More power and control to thousands receiving care in Social Services Bill
More power and control will be given to thousands of people receiving care, the Welsh Government said today as it unveiled its Social Services Bill.
The new law is aimed at cutting bureaucracy, giving users a set of rights and allowing them to be in control of their own care budgets.
Deputy Social Services Minister Gwenda Thomas, who announced details of the Bill in the Senedd, said it would “support people in living their life in the way that they choose”.
It was met with broad support by representatives of those working in the profession, with Mario Kreft, chair of Care Forum Wales, describing it as “potentially the most important change to social care in two generations”.
The Bill, known as Sustainable Social Services for Wales: a Framework for Action, includes provision for early intervention, and calls on councils to co-operate, including the possibility of sharing social services directors.
It will now go to public consultation with the possibility of becoming introduced in the Assembly in October.
Among other proposals, it will create a single adoption agency for Wales, as was first discussed last year.
Ms Thomas said: “There is no doubt that social services face real pressures from changes in what we all expect of public services, from demographic changes and from increased demand.
“There are some who are prepared to accept that it is inevitable that fewer and fewer people should get services. I am not one of those.
“I believe that if we work more closely with people who need services, if we work with them to understand how we can support them in overcoming the difficulties they face and if we can work with local government to deliver that little bit of help early on, then together we can support people in living their life in they way that they choose.”
The substance of the Bill was included in the Welsh Government’s Programme, published last year.
“I am sure that the public will want to see and debate the details of the Bill and there will be an opportunity to do so when we launch a full public consultation shortly, with a view to introducing the Bill into the National Assembly in October 2012.
“This Bill provides us with the legislative basis that meets the changing needs of the people of Wales.
“I look forward to engaging widely on our proposals so that we can ensure we have all the tools we need to seize the opportunities ahead.”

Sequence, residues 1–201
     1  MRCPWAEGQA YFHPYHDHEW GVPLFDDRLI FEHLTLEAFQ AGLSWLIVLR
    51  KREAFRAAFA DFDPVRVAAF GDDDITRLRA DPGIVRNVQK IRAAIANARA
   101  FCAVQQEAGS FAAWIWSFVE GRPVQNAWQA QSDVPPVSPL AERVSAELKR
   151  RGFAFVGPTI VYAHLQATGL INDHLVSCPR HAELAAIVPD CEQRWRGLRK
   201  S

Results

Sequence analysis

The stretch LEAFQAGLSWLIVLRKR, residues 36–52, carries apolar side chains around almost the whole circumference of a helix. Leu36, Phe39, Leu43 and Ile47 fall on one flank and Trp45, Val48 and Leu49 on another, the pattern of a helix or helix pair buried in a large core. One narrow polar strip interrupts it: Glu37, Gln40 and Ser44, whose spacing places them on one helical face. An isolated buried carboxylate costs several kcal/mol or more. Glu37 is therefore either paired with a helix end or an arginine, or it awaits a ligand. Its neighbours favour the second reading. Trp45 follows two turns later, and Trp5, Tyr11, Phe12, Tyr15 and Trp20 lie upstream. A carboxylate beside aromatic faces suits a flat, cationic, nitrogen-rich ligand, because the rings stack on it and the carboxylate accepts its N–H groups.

Mr Kreft said: “This is potentially the most important change to social care in two generations which is going to hopefully cut bureaucracy and focus resources and services to where people need them.
“It enshrines in law the importance of the contribution of the independent sector in providing social care.
“At a time of austerity, this is about doing things better and more cost-effectively. It’s a victory for common sense.”
Care Forum Wales has been lobbying for some time that the current system, which sees different ways of commissioning services with different eligibility criteria across Wales’ 22 local authorities was unsustainable.
“In the case of social care, we also have seen local health boards to deal with so you can be a provider in Wales with 29 contracts. It flies in the face of the current financial reality,” said Mr Kreft.
“We believe that this legislation has the potential to take millions of pounds worth of cost each year out of the bureaucracy. By streamlining the way we do things it should be possible to target our resources so that we can better provide early intervention and reablement services.”
Parry Davies, president of the Association of Directors of Social Services Cymru, said: “We very much welcome today’s announcement by the deputy minister.
“We are committed to playing a full part in delivering the 10-year strategy set out in Sustainable Social Services for Wales – A Framework for Action and we look forward to the opportunity of contributing constructively to the proposed legislation.
“The new Bill must offer all the people who depend upon social care services realistic hope that their needs will be met, both now and in the years ahead.”
The new Bill will make it clear that local authorities have a duty to provide, or make arrangements to provide, social care services, and will bring in a definition of these services that will draw on the existing definitions and proposals by the Law Commission.
The complaints procedure will be strengthened and the Public Services Ombudsman’s powers to consider complaints extended.